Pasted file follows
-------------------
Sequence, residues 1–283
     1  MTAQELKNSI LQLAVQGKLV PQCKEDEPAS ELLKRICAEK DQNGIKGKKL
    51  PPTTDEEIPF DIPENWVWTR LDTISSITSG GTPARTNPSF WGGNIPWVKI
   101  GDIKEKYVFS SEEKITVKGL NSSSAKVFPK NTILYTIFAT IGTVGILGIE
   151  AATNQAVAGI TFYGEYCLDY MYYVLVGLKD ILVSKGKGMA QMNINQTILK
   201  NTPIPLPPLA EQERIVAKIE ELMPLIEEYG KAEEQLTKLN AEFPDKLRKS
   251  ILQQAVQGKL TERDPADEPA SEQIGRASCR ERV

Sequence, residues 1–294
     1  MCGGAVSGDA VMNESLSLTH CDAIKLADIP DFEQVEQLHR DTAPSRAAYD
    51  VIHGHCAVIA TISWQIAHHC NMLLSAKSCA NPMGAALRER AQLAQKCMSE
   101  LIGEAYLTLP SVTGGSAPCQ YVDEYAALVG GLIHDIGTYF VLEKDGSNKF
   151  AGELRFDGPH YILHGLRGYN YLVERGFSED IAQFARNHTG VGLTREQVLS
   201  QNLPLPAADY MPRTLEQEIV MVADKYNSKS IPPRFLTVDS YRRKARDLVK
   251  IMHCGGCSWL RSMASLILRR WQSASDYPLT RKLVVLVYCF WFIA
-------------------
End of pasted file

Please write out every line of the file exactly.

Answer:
Sequence, residues 1–283
     1  MTAQELKNSI LQLAVQGKLV PQCKEDEPAS ELLKRICAEK DQNGIKGKKL
    51  PPTTDEEIPF DIPENWVWTR LDTISSITSG GTPARTNPSF WGGNIPWVKI
   101  GDIKEKYVFS SEEKITVKGL NSSSAKVFPK NTILYTIFAT IGTVGILGIE
   151  AATNQAVAGI TFYGEYCLDY MYYVLVGLKD ILVSKGKGMA QMNINQTILK
   201  NTPIPLPPLA EQERIVAKIE ELMPLIEEYG KAEEQLTKLN AEFPDKLRKS
   251  ILQQAVQGKL TERDPADEPA SEQIGRASCR ERV

Sequence, residues 1–294
     1  MCGGAVSGDA VMNESLSLTH CDAIKLADIP DFEQVEQLHR DTAPSRAAYD
    51  VIHGHCAVIA TISWQIAHHC NMLLSAKSCA NPMGAALRER AQLAQKCMSE
   101  LIGEAYLTLP SVTGGSAPCQ YVDEYAALVG GLIHDIGTYF VLEKDGSNKF
   151  AGELRFDGPH YILHGLRGYN YLVERGFSED IAQFARNHTG VGLTREQVLS
   201  QNLPLPAADY MPRTLEQEIV MVADKYNSKS IPPRFLTVDS YRRKARDLVK
   251  IMHCGGCSWL RSMASLILRR WQSASDYPLT RKLVVLVYCF WFIA